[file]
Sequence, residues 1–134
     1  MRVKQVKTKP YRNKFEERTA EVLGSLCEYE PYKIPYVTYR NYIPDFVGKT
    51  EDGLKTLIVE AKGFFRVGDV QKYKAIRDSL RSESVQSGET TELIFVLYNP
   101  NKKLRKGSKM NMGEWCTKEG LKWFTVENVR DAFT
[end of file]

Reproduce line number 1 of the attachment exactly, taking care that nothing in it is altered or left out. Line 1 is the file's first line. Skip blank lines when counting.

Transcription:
Sequence, residues 1–134